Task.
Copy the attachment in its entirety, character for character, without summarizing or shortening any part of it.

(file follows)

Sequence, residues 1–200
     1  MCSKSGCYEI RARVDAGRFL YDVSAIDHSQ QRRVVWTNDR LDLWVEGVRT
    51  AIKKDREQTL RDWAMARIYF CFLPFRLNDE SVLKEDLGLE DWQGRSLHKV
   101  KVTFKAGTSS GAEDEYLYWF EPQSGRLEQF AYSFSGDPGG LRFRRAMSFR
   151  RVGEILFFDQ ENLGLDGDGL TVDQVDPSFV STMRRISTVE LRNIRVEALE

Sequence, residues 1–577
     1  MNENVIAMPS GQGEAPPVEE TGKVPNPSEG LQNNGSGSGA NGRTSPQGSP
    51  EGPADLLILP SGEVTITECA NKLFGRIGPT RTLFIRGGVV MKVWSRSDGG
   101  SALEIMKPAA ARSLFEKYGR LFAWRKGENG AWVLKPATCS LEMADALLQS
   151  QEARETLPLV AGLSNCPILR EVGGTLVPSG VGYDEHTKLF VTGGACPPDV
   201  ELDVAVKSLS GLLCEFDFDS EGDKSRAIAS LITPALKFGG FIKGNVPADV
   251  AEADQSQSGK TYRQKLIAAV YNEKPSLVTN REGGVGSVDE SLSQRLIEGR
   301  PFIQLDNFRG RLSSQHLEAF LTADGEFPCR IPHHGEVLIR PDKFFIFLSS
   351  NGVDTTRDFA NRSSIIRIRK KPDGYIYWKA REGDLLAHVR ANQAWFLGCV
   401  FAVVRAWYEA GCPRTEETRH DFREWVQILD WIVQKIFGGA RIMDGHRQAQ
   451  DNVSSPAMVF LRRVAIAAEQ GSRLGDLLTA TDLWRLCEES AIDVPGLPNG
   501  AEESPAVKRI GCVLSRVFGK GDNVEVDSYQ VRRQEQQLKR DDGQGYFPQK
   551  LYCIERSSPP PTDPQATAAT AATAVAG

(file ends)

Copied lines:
Sequence, residues 1–200
     1  MCSKSGCYEI RARVDAGRFL YDVSAIDHSQ QRRVVWTNDR LDLWVEGVRT
    51  AIKKDREQTL RDWAMARIYF CFLPFRLNDE SVLKEDLGLE DWQGRSLHKV
   101  KVTFKAGTSS GAEDEYLYWF EPQSGRLEQF AYSFSGDPGG LRFRRAMSFR
   151  RVGEILFFDQ ENLGLDGDGL TVDQVDPSFV STMRRISTVE LRNIRVEALE

Sequence, residues 1–577
     1  MNENVIAMPS GQGEAPPVEE TGKVPNPSEG LQNNGSGSGA NGRTSPQGSP
    51  EGPADLLILP SGEVTITECA NKLFGRIGPT RTLFIRGGVV MKVWSRSDGG
   101  SALEIMKPAA ARSLFEKYGR LFAWRKGENG AWVLKPATCS LEMADALLQS
   151  QEARETLPLV AGLSNCPILR EVGGTLVPSG VGYDEHTKLF VTGGACPPDV
   201  ELDVAVKSLS GLLCEFDFDS EGDKSRAIAS LITPALKFGG FIKGNVPADV
   251  AEADQSQSGK TYRQKLIAAV YNEKPSLVTN REGGVGSVDE SLSQRLIEGR
   301  PFIQLDNFRG RLSSQHLEAF LTADGEFPCR IPHHGEVLIR PDKFFIFLSS
   351  NGVDTTRDFA NRSSIIRIRK KPDGYIYWKA REGDLLAHVR ANQAWFLGCV
   401  FAVVRAWYEA GCPRTEETRH DFREWVQILD WIVQKIFGGA RIMDGHRQAQ
   451  DNVSSPAMVF LRRVAIAAEQ GSRLGDLLTA TDLWRLCEES AIDVPGLPNG
   501  AEESPAVKRI GCVLSRVFGK GDNVEVDSYQ VRRQEQQLKR DDGQGYFPQK
   551  LYCIERSSPP PTDPQATAAT AATAVAG